Idaho


Police Asked To Nab Parking Scofflaws Cars In Spots For Handicapped Frustrate Disabled Veterans

Frustrated with people parking in spots set aside for the disabled, the Disabled American Veterans began attaching “please don’t park here” signs to violators’ windshields.

The veterans got phone threats. The campaign stopped.

Disabled advocate Mike Prokop tried a similar approach. He and other volunteers photographed violators’ cars and license plates for prosecution.

“The volunteers just got tired,” he said. “It was just me.”

The city’s law against parking in spaces for the handicapped isn’t working, Coeur d’Alene’s committee for the disabled told Police Chief Dave Scates on Thursday.

Members urged the chief to rein in scofflaws.

“We’ve got adequate spaces, but they’re just misused,” said Krystie Robbins, a member of the committee.

“People say ‘Oh, it’s just for a minute,”’ said Prokop, who walks with a cane. “I tell them I wish I was only disabled for a minute.”

The chief said he’d take the issue to the city attorney and try to get a tougher ordinance drafted. The City Council must approve changes in ordinances.

The city issues more than 450 tickets a year to people illegally parking in the handicapped spots, Scates estimated.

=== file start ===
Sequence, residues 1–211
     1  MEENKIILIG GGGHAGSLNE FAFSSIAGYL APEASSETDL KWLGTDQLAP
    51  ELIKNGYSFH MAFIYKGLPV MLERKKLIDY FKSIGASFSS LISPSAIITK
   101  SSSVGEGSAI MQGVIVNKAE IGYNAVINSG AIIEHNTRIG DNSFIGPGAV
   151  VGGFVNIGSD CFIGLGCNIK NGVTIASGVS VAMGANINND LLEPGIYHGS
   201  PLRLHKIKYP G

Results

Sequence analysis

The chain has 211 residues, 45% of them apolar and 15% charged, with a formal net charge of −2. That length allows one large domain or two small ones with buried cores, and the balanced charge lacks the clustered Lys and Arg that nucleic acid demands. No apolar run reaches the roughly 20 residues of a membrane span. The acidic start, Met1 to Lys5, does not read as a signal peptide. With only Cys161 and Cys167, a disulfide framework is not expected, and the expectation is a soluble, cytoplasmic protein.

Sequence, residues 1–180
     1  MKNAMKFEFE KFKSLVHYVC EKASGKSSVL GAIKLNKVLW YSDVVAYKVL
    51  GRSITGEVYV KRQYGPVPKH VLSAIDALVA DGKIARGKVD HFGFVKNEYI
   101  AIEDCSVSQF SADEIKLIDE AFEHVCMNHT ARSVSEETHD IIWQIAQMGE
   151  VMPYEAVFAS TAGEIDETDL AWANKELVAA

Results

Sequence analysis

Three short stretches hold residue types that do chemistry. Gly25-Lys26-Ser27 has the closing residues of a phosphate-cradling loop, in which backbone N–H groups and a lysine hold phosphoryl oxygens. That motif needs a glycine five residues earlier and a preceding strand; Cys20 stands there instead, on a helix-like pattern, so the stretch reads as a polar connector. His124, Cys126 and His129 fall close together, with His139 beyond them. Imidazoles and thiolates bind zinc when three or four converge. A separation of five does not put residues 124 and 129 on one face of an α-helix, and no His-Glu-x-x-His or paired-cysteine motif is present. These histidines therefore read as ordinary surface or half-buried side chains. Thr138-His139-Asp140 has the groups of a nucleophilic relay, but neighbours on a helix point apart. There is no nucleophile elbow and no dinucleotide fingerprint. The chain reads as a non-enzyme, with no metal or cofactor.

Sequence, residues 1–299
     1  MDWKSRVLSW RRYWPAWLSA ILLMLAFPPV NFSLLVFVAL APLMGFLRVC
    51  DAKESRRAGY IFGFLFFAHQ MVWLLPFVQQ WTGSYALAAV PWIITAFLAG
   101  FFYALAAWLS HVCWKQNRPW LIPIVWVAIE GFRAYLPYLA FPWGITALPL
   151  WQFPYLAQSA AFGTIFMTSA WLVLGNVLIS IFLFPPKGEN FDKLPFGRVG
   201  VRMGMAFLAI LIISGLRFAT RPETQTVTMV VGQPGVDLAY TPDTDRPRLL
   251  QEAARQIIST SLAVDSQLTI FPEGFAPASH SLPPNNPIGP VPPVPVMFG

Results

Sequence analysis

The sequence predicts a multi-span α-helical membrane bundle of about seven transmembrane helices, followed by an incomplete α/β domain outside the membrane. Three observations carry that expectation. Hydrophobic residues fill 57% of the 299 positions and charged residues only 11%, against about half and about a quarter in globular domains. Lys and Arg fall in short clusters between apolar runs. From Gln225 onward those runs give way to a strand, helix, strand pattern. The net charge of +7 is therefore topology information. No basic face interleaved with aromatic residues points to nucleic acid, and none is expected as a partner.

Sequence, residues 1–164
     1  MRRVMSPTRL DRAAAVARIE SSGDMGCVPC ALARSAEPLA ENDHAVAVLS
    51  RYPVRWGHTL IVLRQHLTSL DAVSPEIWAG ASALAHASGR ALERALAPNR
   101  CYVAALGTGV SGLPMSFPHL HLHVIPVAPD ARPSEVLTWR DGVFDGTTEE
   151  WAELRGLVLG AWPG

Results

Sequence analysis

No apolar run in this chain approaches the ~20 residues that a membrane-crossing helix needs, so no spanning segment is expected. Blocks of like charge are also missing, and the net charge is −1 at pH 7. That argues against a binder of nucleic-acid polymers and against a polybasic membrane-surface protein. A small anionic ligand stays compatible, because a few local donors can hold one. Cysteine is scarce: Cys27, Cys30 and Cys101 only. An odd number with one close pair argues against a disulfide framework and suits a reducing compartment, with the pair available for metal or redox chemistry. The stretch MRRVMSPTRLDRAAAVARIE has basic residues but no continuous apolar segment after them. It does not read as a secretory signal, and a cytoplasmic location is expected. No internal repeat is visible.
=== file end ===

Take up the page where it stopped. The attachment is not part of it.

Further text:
It’s easy for police to ticket the cars if they’re parked illegally on public streets, he said. City law allows such tickets to be left stuck to the windshield. The registered owner of the vehicle must pay.

“On public streets, it’s simple,” the chief said.

It’s much tougher, he said, to enforce handicapped parking laws on private property, such as shopping malls or grocery store parking lots.

There, state law requires that the violator must sign the citation or be personally served with the ticket. Since the car is parked, the driver is usually nowhere to be found.

“We have to give someone the ticket,” he said. “The question becomes how long can I keep somebody (a police officer) tied up in a parking lot waiting for someone to come back to the car?

“We’re equally as frustrated when you see the violation and there’s nothing you can do about it,” the chief told the committee.

Members of the group said store owners are reluctant to ask violators to move their cars.

“They don’t want to alienate a customer,” said Mike Hauser.

Property owners could tow the cars if a tow warning is posted, the chief said. But he said most store owners don’t want the trouble.

“I think it’s more of a deterrent,” he said.

Committee members will see what the council does before taking any more photos or handing out any warnings. But they hope a tougher ordinance is approved soon.

“You watch these people pull right in there and it’s clearly marked,” said Bernie Fox, a disabled veteran. “There’s many times I want to go out and take the air valves out of their tires.

“I haven’t,” he said, “but it shows they have no respect for people with disabilities.”



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